Is it good idea to separate GTR's specification via a button in setup menu?
It would maintain campability, and open possibilities for unexptected needed changes like suspension geometry, rim size, engine mapping etc.
I've had some ideas for a while of how to implement instant (or not so instant) replays in the Sim Broadcasts software, though I haven't had chance to start testing anything as yet.
Running the stream on a slightly delayed replay to smooth out some things is an interesting idea, I'll have to have a play at some point. It may cause some logistics issues with the commentary/director team though.
Is there a maximum time between file writes? I see there seems to be a 4k buffer, but if it can take longer than a second or two between writes, this may be problematic.
On the subject of the temp replays, would it be possible to change LFS' the way LFS reads (or just saves) replays? Currently if the temp file is open in another LFS instance, that replay will be lost when the session ends/restarts on the live LFS instance. The replay for the next sessions seems to be able to record fine though... Creating a copy rather than renaming might be the easiest way to fix.
I also looked into a related weird bug the other day, where if LFS opens another program (using /exec) while a replay is being recorded, LFS then fails to record new replays from that point. I'm not sure what the cause is, but at least some of the time, Windows seems to think that the temp file is being locked by that spawned process and not LFS.
Procmon shows some weird errors, but no attempt by the spawned process to access the file at all (see attached). I can move this to a bug report thread if needed.
Alright my bad for somehow never noticing the steering wheel's rotation doesn't actually reflect the same mouse position across all cars. I was aware something always felt off when switching between cars, but I never had that realization as I never drove with the cursor visible. I would always assume it was just the difference in steering angle, and after testing the XRR with 45° lock I was lead to my previous assumption.
I still think my original suggestion isn't a bad idea though, having the wheel rotation raised on the XRR and FZR to be in line with the other cars that have 45° steering lock would be nice just for the sake of consistency. As would allowing us to edit the max rotation value ourselves so in theory you could have wheel rotation correspond to the same steering angle across multiple different cars (even though I now realize it doesn't necessarily correspond to input).
I understand that getting used to differences like these when switching between different cars is realistic. But assuming it isn't too difficult to implement I don't see any harm in just having it as an option for those who want it.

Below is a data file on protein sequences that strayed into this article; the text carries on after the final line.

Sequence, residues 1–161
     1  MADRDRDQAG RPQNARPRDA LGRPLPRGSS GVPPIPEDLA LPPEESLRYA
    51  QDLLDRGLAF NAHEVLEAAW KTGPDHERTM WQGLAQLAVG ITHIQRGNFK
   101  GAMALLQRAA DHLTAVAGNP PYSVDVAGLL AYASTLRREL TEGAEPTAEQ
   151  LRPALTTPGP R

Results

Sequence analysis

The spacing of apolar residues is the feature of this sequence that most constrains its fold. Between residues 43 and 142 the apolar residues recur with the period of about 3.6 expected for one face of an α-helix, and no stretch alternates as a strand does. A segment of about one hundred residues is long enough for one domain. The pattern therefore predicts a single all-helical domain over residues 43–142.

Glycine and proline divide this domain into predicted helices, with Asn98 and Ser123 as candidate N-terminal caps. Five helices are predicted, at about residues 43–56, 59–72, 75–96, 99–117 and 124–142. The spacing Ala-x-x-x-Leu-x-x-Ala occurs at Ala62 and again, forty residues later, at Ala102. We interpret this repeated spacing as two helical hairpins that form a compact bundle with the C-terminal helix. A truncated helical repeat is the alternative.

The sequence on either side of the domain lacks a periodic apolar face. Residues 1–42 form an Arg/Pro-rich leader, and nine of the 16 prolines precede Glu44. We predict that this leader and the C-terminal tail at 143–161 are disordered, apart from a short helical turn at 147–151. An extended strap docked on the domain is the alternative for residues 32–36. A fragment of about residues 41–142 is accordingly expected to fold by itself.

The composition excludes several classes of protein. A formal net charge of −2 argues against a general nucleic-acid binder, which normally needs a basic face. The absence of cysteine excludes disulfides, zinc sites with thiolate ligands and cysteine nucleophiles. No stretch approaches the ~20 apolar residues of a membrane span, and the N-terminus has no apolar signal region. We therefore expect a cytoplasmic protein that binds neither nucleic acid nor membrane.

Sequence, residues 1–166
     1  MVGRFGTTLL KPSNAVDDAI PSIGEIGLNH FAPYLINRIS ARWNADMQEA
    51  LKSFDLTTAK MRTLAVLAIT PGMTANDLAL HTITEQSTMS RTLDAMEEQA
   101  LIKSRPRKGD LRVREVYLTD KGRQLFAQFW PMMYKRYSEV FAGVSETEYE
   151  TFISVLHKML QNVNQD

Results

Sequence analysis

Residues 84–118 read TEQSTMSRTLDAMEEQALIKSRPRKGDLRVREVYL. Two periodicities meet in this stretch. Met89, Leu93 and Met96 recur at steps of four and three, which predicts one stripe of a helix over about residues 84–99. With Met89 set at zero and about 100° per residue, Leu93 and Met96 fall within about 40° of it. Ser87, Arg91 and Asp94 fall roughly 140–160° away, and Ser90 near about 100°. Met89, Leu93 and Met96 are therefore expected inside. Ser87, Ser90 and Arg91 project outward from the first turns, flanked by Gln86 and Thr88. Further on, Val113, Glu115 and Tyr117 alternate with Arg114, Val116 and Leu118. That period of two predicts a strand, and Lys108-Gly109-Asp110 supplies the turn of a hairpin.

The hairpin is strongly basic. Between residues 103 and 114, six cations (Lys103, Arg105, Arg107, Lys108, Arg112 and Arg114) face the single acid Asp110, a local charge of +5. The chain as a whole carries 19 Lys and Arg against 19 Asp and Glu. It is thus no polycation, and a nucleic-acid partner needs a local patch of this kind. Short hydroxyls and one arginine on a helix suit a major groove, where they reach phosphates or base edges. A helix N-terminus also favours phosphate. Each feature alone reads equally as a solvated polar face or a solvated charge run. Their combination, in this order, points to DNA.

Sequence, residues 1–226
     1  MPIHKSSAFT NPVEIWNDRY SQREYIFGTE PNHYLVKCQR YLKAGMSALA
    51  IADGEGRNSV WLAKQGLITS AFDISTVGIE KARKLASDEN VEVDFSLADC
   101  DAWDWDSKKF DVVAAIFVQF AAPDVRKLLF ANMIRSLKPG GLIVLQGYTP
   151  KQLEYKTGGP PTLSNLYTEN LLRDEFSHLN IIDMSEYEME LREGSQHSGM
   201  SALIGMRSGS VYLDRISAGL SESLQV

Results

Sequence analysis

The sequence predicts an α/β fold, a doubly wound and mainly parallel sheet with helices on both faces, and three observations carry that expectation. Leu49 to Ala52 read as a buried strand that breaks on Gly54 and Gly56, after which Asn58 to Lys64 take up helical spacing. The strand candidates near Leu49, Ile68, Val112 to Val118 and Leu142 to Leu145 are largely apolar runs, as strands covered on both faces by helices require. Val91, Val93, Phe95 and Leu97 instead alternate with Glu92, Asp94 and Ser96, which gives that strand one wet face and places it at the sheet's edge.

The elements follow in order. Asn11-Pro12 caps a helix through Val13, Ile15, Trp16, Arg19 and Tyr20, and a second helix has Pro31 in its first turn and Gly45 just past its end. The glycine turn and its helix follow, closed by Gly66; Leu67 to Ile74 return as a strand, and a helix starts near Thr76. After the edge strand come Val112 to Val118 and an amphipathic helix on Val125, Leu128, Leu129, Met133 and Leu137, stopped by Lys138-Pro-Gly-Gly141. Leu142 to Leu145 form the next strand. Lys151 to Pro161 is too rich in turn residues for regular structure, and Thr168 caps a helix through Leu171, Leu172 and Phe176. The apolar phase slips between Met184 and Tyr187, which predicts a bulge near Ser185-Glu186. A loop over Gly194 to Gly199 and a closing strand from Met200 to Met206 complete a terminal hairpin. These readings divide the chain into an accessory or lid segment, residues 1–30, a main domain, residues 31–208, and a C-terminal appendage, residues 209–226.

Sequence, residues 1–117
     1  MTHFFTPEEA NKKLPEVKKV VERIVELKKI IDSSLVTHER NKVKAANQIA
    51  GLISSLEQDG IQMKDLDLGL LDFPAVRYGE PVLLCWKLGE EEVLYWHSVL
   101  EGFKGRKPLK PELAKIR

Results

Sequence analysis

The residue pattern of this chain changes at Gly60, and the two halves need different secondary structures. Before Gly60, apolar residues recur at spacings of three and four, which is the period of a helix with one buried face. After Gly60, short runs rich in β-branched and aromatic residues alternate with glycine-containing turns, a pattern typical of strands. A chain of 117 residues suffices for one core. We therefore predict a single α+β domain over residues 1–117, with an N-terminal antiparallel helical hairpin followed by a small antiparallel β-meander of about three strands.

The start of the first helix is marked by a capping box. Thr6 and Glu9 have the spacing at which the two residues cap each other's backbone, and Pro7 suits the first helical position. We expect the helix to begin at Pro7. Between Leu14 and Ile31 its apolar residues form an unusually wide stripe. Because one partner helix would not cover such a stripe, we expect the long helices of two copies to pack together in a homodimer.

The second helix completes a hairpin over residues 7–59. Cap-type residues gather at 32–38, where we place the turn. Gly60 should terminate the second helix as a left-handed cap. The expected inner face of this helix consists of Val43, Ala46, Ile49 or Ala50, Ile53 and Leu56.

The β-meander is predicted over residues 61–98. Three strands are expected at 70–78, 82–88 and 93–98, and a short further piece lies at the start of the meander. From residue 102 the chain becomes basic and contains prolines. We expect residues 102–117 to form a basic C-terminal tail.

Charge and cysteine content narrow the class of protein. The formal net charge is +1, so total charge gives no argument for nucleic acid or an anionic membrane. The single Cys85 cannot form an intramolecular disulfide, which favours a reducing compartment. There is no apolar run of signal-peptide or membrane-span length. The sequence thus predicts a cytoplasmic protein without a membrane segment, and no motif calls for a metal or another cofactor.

P.S actually now that I know this, I feel like this could also be a very good suggestion:
There's already an option to increase it above 1.0x if you select it in the wheel/joystick controls. But allowing us to have this option in the mouse/keyboard controls as well as allowing us to change it to a value bellow 1.0x would be handy.
Just as a reference on why we need to focus on having better pps and refresh rates.... well, it was not a pretty opening corner for GT2c yesterday.
Coming from a background of horrendous ping (I'm semi-OK now, at 190ms), the refresh/netcode is trash. At a ping of anything higher than 250, if you drive any other way than totally smooth, the car overreacts to any side to side steering movement and way too slowly for smooth, side to side racing.
At a lower ping like 190, it's manageable, but really, other platforms are able to give more decent netcoding that allows even people from the ends of the earth to race semi-well.
I personally do not think putting knobblies on GTR cars should take precedence over a more major issue like pps which... well, affects "racing" - isn't that what this sim was designed for anyway? Not trashing the drifters, I love drifting too, but we're barking up the wrong tree now. What's the use of brilliant graphics and physics if the boys can't race reliably with each other?
I understand the game USP isn't great graphics but the physics and simplicity, but if we're going to shift to target a market that prefers a more visually stunning and physically-accurate sim platform, why are we not amending the netcode/packet delivery system that allows for clean, mass racing in the first place?